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Durango, CO 81301


Based in Durango, Colorado, Flatrock Solar is a locally owned and operated solar panel contractor and installer serving the Durango area from Cortez to Pagosa Springs and Silverton to Ignacio.  Flatrock Solar has been helping businesses, homeowners and non-profits convert Colorado sunshine into clean, renewable energy since 2010.  

Thoughts - musings on solar panels and renewable energy

This page is for thoughts and ideas about solar and the environment in general.  I'm passionate about solar and think and read about it daily.  This will be a space for these thoughts.

Fighting wars with solar panels

Matt Helms

In a follow up to my last post on 'Solar and national security', I thought I'd share some interesting stats on the use of solar by the US military.  The US military is the world's largest consumer of energy and is now looking at solar in a big way.  Tanks, trucks, generators, etc. use a lot of energy and unfortunately a lot of soldiers have died transporting fuel from A to B.  The Pentagon has now set a goal of providing "50 percent of the power used by the Navy and Marines come from renewable energy sources by 2020".  This is a huge shift for the military and one that could change the solar industry.  

The war in Afghanistan saw the first marines to use portable solar panels in the battlefield.  Additionally there are numerous military bases around the world that are now equipped with solar power.  I think as we see a shift towards autonomous military vehicles, perhaps powered by electricity, the role of solar in fighting wars will become ever more important.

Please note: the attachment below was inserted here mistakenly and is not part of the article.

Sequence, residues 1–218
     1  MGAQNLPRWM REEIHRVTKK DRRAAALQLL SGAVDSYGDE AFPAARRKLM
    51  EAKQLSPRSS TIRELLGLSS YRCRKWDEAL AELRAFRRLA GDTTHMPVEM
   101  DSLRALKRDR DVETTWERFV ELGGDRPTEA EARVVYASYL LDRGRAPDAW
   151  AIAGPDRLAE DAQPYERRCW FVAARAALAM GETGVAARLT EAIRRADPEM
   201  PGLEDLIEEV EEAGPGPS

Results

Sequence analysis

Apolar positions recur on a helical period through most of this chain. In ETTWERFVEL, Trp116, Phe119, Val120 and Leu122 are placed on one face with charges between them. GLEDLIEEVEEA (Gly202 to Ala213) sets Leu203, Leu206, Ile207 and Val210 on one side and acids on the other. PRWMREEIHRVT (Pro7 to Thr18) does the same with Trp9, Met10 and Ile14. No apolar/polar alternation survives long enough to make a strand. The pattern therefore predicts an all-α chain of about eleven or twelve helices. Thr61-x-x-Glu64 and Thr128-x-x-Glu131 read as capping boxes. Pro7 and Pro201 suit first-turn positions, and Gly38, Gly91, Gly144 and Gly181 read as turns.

Solar and national security

Matt Helms

So when I first heard that the Pentagon listed global climate change as immediate risk to national security I thought, "finally, they get it".  This is a global problem with global implications even for rich countries like the United States.  Below is a quote from Defense Secretary Chuck Hagel:

“But the challenge of global climate change, while not new to history, is new to the modern world. Climate change does not directly cause conflict, but it can significantly add to the challenges of global instability, hunger, poverty, and conflict. Food and water shortages, pandemic disease, disputes over refugees and resources, more severe natural disasters – all place additional burdens on economies, societies, and institutions around the world.”

- Secretary Hagel


This is coming from a guy that opposed the Kyoto protocol; I guess we're all wrong sometimes.  

Solar vs S&P 500

Matt Helms


If you look at the historic average return on investment of the S&P 500 vs. a solar system you can see what a solid investment solar is.  These two charts below compare your annual and cumulative return on investment if you invested the same amount of money in either the S&P 500 or in a solar system.  The steady return on your investment with solar would be a better long term investment (and easier on your stomach than the roller coaster of the stock market).

Annual return on investment in a solar electric system in the greater Durango Colorado area vs. the S&P 500

Your solar investment dollars will grow more quickly than the S&P 500, when compared to the last 25 years of the S&P 500.

Cumulative return on investment for a solar power system in the Durango area.